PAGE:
Though Lovers Be Lost

Moore, Roger

| 2016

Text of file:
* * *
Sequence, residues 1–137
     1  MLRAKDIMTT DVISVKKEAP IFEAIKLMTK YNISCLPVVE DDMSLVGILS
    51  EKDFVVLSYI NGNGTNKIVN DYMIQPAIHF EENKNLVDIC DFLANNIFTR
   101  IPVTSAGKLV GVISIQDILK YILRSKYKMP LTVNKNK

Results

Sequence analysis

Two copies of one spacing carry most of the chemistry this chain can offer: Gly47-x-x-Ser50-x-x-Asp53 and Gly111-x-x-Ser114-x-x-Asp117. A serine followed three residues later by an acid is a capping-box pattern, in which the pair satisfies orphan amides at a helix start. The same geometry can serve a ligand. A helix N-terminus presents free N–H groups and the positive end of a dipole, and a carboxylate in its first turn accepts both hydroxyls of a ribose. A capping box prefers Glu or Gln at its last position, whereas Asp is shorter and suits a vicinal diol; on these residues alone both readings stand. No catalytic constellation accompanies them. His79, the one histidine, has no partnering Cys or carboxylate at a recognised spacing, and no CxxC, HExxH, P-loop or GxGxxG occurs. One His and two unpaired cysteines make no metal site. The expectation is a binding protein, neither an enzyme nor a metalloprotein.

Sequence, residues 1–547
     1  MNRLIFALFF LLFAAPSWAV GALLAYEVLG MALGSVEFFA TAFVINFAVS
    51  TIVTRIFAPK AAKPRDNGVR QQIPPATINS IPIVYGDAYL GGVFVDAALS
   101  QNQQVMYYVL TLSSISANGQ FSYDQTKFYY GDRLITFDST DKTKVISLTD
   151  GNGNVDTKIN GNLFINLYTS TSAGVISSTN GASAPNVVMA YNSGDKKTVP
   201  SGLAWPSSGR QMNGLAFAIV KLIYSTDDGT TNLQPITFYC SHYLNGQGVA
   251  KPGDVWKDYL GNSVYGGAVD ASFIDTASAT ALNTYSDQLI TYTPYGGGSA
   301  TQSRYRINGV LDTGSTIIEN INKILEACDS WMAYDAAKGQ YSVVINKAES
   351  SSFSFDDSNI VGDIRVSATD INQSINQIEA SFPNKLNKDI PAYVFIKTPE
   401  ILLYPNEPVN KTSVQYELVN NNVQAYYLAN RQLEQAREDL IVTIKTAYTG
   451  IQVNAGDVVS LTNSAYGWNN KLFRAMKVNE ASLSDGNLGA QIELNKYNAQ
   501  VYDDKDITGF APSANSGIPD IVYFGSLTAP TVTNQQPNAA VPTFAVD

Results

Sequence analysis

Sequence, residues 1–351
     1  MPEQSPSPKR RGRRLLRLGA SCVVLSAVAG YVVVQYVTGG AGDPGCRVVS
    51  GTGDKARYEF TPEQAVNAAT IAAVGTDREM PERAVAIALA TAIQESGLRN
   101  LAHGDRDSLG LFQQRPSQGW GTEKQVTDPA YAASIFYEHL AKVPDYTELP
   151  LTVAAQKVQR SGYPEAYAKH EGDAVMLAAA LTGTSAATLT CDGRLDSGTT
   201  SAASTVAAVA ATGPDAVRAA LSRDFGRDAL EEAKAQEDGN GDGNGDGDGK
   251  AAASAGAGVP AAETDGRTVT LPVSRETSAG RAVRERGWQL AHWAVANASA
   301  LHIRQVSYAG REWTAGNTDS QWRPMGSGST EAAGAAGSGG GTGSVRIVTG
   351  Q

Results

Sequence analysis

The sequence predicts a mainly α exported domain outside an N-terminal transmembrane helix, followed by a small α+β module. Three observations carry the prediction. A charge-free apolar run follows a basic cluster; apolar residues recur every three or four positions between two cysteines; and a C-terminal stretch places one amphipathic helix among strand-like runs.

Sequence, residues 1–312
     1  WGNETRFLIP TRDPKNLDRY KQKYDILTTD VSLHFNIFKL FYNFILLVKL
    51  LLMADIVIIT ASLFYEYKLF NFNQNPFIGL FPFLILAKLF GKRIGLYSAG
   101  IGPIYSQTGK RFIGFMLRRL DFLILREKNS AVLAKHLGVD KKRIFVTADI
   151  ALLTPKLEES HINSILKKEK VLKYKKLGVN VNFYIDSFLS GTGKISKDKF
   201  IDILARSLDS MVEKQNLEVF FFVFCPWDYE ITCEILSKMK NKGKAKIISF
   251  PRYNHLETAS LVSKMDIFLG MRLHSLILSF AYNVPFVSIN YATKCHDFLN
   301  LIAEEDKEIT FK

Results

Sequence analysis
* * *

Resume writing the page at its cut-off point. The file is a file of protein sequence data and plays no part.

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"I have folded Dal 's clock, draping time's dressing gown over the foot of her bed," writes the poet as he sits beside his mother's bed on his last visit to her in hospital. She lies there, unconscious, and the poet, looking at her fragile frame, wonders "Is the human body a chest of drawers to be opened and closed at will and things removed?" Though Lovers Be Lost begins with these direct links to Salvador Dal 's brand of surrealism and continues in this same poem with a leading statement from the surrealist manifesto: "On the operating table, a sewing machine and a bread knife wait inside a black umbrella for their next victim." Unfortunately for the poet, that victim will be his mother. The book's title echoes Dylan Thomas's poem "And death shall have no dominion." Also born in Swansea, Wales, Roger Moore is an award-winning writer of poetry and short stories. His poetic world of wild...

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